(continued)that will merge themselves away," Rutledge said. There are now 17 hospitals in the Portland area.
The latest consolidation was announced in April when Kaiser said it would close its aging 135-bed Bess Kaiser Medical Center by January 1997 and treat patients at Providence and OHSU facilities. Kaiser will help develop a pediatric "center of excellence" at OHSU's new Doernbecher Children's
Hospital, set to open in 1997. Providence's St. Vincent Hospital and
Medical Center will treat the majority of Bess Kaiser patients.
But that still leaves two children's hospitals in Portland, which some payers view as a luxury.
Physicians get organized.
To gain stronger footholds, each of the major players has forged alliances and mapped out its own strategy, partly based on different relationships with physician groups. As a result of managed care, those groups-and their market power-are growing.
"I think the thing that's most interesting is what I call the reformatting of the physician practices in the greater Portland area,"
Speight said. "Portland has historically been a onesy-twosey doctor town, with some exceptions."
The large, organized groups represent "roughly 300 doctors, and there are 685 primary-care doctors in the greater Portland area, so less than half of them are organized into what could be the core of emerging medical groups," Speight said.
The larger groups-Metropolitan Clinic, Portland Clinic and Suburban
Clinic, which have 112 physicians total-formed a joint venture in January
1994 called Coordinated Healthcare Network. The network offers full-risk health plans serving 700 commercial and 1,300 Medicaid patients, said
Scott Conroy, its executive director.
Meanwhile, Mullikin Medical Centers, a 400-physician group based in Long
Beach, Calif., shook up the market in March when it expanded into Portland.
Mullikin merged with Pacific Medical Group, which includes 25 partner physicians and has contractual relations with 60 primary-care physicians and 500 specialists.
Mullikin's physician/administrator team model, which has been enormously successful in California, has been acting like a magnet to independent-minded Portland physicians: "We have been approached by numerous small groups, and we have entered into negotiations with several of them," said David Klubert, M.D., regional medical director of Mullikin
Medical Centers of Oregon.
Mullikin is a physician-owned and -operated company allowing partner physicians to have the control they want to make decisions, making it attractive to small physician groups that don't want to be swallowed up by insurance companies.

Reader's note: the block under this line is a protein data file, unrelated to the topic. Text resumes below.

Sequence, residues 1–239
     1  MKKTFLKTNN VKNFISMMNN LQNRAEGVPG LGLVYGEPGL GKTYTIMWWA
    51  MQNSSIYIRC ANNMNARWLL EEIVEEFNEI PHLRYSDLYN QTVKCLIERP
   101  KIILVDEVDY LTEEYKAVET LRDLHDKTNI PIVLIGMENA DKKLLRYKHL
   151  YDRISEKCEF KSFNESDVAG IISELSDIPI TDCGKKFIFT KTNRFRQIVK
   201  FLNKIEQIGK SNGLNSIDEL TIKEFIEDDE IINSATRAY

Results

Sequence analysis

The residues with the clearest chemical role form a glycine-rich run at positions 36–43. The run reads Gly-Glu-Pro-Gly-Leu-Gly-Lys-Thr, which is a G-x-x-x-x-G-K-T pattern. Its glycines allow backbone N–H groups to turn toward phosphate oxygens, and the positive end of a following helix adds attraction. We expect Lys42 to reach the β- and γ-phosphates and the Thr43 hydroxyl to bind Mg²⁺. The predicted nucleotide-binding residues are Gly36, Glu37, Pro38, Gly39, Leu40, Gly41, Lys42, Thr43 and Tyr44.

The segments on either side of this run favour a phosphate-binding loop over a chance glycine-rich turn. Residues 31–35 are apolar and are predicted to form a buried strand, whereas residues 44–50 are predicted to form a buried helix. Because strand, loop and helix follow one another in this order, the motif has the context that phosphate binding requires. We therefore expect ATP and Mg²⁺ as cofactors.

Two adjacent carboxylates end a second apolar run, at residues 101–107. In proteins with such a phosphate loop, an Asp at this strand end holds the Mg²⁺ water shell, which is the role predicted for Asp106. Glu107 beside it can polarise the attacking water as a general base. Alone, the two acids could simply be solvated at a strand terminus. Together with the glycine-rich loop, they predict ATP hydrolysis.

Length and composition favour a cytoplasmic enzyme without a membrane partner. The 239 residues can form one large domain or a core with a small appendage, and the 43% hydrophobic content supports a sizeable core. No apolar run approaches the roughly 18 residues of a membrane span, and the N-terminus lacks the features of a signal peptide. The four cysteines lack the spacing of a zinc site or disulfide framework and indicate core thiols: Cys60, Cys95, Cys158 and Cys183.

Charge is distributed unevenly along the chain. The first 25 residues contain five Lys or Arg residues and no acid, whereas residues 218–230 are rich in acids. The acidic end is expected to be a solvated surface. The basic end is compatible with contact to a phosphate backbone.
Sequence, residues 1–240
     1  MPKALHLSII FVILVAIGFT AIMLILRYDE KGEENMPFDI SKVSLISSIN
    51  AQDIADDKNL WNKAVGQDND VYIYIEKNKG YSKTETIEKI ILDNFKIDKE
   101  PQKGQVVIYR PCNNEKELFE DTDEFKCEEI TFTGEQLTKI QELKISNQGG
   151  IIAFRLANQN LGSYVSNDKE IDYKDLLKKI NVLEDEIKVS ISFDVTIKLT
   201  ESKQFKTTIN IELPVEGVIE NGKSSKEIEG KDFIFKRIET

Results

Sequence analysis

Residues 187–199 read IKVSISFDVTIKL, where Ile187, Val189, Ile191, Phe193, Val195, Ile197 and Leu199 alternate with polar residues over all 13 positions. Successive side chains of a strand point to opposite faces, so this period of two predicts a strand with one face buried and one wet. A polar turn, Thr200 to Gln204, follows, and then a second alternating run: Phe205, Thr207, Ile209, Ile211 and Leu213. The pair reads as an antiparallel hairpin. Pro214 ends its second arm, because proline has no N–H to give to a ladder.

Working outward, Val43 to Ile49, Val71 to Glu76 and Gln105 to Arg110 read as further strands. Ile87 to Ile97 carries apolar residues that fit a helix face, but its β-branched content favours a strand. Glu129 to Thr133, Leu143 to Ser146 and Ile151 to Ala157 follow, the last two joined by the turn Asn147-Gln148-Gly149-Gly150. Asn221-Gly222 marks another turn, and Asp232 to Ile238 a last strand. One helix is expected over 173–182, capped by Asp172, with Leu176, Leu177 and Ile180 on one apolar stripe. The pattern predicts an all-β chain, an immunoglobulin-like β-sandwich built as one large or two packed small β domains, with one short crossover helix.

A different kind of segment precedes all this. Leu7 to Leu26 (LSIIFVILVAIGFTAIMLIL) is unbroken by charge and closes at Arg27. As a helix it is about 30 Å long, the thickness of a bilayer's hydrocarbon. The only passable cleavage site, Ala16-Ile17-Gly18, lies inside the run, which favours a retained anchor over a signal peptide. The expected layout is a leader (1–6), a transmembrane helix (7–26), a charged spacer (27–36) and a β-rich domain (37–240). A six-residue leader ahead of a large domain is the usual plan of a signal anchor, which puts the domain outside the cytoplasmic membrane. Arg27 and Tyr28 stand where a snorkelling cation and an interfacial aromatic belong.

The other large groups are 72-physician Portland Adventist Medical Group and a 71-physician group owned by Providence. Kaiser has 495 physicians in the Portland metropolitan area.
Two physician-hospital organizations in the Portland suburbs include
Tuality Forest Grove (Ore.) Hospital and Willamette Falls Hospital in
"The hospital-health plan organizations have kind of come together. The physician piece is where the cards are up in the air," said Greg Van
Pelt, chief executive of managed care at Providence. "That needs a lot of settling out," and once that happens systems will have to respond, he said.
The major players are:
Legacy, created through a merger in 1989, operates two downtown hospitals-Emanuel Hospital and Health Center, with 342 staffed beds, and
283-bed Good Samaritan Hospital and Medical Center-and two suburban hospitals, 87-bed Mount Hood Medical Center in Gresham and 108-bed
Meridian Park Hospital in Tualatin. In 1993, it closed Holladay Park
"Legacy has developed a strategy to have a contractual relationship with
(the Blues) on the HMO side and with medical groups on the other side.
Their strategy is to have three equal contracting partners," Rutledge said.
Unlike Kaiser and Providence, Legacy does not hire physicians or buy practices. "When you go out and buy 75 or 100 very fragmented physician practices, you have a major management challenge on your hands," said John King, the system's chief executive officer. Legacy's contracts cover 1,300 physicians.
Legacy also has not established its own HMO to integrate hospital, physician and insurance components.
Instead, Legacy is involved in "ongoing planning in the creation of what we tend to call a virtual organization between (the Blues) and our primary-care group practices and ourselves," King said. "We strategize, focus and try to act as if we're one organization. We have our own PPO and are basically the exclusive provider for (the Blues') HMO" in the Portland area, he said.
Legacy decided not to launch an HMO because it would have been "the last one in a mature, consolidated market," King said.
In partnership with physicians, Legacy is developing ambulatory-care sites throughout the me